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Texas Has Become The Only State Where Ocelots Are Found Since The Spotted Felines Are Facing Threats Of Habitat Loss, Trapping, And Poisoning

Leonardo - stock.adobe.com - illustrative purposes only, not the actual ocelot

Three years ago, a male ocelot was found dead in Hidalgo County, Texas. After conducting DNA tests on the deceased cat, wildlife officials discovered that the spotted felines might be expanding their range in southern Texas.

Ocelots once inhabited regions in Texas, Louisiana, Arkansas, and Arizona. But now, Texas has become the only place where ocelots are found.

Over the last couple of centuries, their numbers have dwindled due to habitat loss, trapping, and poisoning.

Since 1972, ocelots have been listed as federally endangered in the United States. There are about 100 wild cats remaining in a small coastal region of southern Texas.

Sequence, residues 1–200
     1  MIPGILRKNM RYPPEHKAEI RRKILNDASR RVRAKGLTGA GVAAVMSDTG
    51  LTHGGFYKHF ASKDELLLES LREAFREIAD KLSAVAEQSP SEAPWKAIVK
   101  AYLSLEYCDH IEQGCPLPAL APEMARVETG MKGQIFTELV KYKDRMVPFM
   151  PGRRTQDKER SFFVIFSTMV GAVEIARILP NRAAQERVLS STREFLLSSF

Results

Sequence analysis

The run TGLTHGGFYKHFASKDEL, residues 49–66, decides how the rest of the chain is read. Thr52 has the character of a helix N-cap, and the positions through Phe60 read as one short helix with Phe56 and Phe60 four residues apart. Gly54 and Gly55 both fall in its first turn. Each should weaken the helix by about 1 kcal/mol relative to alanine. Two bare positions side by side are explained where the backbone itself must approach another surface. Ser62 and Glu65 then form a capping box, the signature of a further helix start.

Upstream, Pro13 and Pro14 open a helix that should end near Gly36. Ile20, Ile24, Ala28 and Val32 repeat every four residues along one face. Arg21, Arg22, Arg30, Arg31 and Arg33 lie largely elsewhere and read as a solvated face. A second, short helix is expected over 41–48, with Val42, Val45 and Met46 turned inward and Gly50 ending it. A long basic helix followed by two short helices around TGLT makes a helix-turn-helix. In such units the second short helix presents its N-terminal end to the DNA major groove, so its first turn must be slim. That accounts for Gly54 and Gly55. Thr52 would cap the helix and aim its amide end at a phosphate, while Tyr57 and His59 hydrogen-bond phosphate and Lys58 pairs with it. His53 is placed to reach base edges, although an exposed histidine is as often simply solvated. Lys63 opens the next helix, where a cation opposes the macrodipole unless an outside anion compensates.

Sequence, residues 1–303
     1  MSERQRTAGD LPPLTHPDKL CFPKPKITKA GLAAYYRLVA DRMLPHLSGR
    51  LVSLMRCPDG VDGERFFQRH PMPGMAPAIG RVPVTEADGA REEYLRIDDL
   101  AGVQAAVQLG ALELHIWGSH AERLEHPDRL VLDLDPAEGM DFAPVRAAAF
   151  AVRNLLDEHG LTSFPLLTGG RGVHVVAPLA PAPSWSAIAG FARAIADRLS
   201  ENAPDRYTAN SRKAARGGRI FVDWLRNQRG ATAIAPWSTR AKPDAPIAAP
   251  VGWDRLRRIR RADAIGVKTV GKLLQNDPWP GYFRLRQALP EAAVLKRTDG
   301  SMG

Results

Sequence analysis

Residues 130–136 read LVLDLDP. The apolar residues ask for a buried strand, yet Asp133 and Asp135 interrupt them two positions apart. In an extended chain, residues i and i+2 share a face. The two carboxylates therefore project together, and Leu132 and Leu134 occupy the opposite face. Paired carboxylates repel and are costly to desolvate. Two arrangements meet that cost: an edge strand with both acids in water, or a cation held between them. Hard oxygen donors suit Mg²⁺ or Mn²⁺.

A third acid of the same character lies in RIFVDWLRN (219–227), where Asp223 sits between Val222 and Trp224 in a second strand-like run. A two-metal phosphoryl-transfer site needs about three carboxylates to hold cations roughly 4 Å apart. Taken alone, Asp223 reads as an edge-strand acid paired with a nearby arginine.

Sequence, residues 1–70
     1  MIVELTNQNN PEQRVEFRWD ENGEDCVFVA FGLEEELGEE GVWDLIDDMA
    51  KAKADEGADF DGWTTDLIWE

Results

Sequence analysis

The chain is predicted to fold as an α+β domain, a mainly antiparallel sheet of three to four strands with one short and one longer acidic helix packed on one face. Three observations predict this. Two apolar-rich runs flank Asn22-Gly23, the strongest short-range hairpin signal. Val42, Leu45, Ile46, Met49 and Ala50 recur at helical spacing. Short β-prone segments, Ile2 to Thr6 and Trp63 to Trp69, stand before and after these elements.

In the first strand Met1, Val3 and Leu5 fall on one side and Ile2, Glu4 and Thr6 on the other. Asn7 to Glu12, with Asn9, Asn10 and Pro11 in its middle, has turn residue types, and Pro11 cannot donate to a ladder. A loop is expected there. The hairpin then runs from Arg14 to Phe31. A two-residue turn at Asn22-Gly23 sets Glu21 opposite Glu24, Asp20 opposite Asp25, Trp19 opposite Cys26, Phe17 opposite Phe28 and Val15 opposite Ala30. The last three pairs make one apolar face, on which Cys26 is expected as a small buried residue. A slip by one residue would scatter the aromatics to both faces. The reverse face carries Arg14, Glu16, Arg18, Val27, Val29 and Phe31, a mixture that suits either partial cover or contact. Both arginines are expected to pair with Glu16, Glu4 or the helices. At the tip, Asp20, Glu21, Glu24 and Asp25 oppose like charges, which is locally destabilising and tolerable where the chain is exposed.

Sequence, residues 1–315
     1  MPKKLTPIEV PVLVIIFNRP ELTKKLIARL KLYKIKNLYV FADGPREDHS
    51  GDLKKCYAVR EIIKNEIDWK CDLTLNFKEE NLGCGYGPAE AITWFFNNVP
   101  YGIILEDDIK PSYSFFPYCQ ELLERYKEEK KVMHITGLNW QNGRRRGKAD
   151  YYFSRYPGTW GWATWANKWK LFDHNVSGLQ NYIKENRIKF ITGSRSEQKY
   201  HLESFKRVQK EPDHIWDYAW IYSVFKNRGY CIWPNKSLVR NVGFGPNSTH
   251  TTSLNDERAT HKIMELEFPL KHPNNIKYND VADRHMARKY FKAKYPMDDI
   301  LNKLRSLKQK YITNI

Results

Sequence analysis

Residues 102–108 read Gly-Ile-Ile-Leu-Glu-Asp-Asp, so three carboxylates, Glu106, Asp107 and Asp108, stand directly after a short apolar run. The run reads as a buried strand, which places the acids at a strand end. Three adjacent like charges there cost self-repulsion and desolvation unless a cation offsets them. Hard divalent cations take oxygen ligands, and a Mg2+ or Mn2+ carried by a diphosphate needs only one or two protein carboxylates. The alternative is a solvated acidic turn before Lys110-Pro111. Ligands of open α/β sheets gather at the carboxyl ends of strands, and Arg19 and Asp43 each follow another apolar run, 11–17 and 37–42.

However, new DNA evidence has indicated that ocelots might be expanding their territory.

In 2021, an ocelot was hit and killed by a vehicle on a highway in Hidalgo County, which was about 50 miles from their known range.

This year, DNA samples from the cat were finally tested, revealing that it was related to the wild ocelots native to the U.S.-Mexico borderlands region.

According to Dr. Tom deMaar, a wildlife veterinarian and board member for the Friends of Laguna Atascosa National Wildlife Refuge, it is the first time that an ocelot has been found outside its range.

Until now, researchers thought that ocelot populations were restricted to two areas in Texas—the Laguna Atascosa National Wildlife Refuge in Cameron County and private land in Willacy County.

Leonardo – stock.adobe.com – illustrative purposes only, not the actual ocelot

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